Unfortunately, we see this type of complete insensitivity all too often. I am sorry for your loss. From a medical malpractice/legal standpoint, you would have to prove that any alleged poor care caused your father to suffer damages or injury he would not otherwise have suffered if given the appropriate care. Here, you would likely have to show that the alleged poor care actually hastened or caused his death earlier that would have normally occurred. Defense lawyers always argue that these cases are limited in damages, because the patient was already terminal. They are difficult cases to pursue legally. I would recommend that you see if the facility could be reported to your local state agency. In many states, nursing homes and these facilities are governed by the state department of health and hospitals (or a similar named agency). A written complaint usually invokes an investigation.See question
The office manager refused to let me see the doctor for my second follow up appointment post 6 weeks after orthopaedic surgery unless I brought in my $700 co-pay. I told her I was having problems but did not have the money. I called 6 or 7 times b...
I do think that the physician has the discretion to require payment of the co-pay in order to schedule the appointment. There are federal and state laws that prohibit doctors and hospitals from refusing "emergency medical treatment" if a patient does not have the financial means, but this does not apply to routine visits. To me, the bigger question is trying to prove that you suffered damages as a result of their failure to see you for follow up. In every broken bone case, there is always a risk that the bones will not heal properly. As the patient, you would have to prove that but for their failure to schedule the appointment, your bones would have healed normally. This will be difficult to prove. An orthopedist expert would have to look at the films (before surgery and post surgery) to be able to tell you if you would have suffered this problem anyway. Ultimately, whether you should bring a case will turn on the degree of disability and/or damages occassioned by the second surgery.See question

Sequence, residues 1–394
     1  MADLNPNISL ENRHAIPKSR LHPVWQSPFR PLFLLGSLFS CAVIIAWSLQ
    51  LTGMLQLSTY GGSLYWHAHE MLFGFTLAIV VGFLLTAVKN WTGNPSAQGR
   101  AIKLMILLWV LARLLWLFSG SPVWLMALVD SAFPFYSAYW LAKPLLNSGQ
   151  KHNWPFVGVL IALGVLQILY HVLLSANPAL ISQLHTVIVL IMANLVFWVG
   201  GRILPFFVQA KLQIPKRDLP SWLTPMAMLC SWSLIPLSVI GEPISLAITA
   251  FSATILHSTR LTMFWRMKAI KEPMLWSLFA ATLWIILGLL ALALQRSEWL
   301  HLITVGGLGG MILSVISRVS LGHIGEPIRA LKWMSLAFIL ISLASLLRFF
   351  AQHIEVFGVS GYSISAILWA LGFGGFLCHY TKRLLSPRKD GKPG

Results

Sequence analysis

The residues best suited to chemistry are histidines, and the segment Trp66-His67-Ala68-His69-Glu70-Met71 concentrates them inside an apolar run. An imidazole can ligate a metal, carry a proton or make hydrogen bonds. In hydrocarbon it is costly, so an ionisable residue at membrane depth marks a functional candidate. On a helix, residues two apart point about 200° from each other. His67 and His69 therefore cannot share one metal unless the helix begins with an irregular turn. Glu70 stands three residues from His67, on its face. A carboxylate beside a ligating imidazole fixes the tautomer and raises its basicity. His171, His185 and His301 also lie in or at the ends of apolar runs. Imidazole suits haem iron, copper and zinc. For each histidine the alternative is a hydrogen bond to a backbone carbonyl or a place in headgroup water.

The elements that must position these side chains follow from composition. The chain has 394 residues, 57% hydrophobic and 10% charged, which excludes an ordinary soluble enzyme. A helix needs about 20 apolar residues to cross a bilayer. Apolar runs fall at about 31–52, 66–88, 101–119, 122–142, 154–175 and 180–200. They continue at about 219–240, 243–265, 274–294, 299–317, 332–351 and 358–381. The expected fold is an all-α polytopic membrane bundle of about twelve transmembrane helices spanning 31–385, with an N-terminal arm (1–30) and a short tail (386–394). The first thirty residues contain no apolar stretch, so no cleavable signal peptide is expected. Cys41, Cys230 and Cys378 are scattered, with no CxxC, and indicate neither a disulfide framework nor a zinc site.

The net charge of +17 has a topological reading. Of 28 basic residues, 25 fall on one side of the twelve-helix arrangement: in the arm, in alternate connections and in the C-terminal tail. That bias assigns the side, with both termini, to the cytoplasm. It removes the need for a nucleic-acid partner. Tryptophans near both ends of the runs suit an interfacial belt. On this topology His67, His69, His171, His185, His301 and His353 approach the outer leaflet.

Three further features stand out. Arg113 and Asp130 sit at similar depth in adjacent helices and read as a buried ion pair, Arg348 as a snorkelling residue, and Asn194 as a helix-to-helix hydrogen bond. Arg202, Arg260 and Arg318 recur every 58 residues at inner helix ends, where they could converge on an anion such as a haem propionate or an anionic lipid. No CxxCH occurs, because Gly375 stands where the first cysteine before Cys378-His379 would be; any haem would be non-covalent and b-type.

I went in to the hospital 3 weeks ago for a lumbar fusion.I woke up from surgery with tremendous pain in my right thigh...I was released 2 days later and my right leg blew up to twice the size...i was told to go back to the ER where i was diagnose...
You should consult an experienced medical malpractice attorney. Generally, the operating room staff should make sure that you are properly positioned to avoid any nerve type injuries to your extremeties. Although the facts of your case will ultimately determine whether there was a deviation in the standard of care, this is a matter worth having an experienced attorney review. Most medical malpractice lawyers provide free case reviews.See question
what if more than one doctor misdiagnosed a disease would there be a medical malpractice lawsuit against all the doctors or just one doctor? Thank you!!!
Generally, each doctor is responsible for his or her own medical errors. It is not uncommon to see multiple health care providers involved in medical malpractice cases. Many times a physician will assume that the doctor who treated the patient before him did everything that he was supposed to do. In medical malpractice cases, the best stragegy is to focus the case on the physician or health care provider who is most responsible for the injuries and damages suffered by the patient. There are many issues involved when multiple defendants are joined. In most states, the doctrine of comparative fault is utilized which means that the jury is allowed to determine the exact percentage of fault of each doctor on the jury verdict form. Some states even allow the defense to argue the fault of doctors or health care providers that were not even sued by the patient. If the jury finds that these unsued doctors were at fault, it can lessen or nullify the judgment in favor of the plaintiff.See question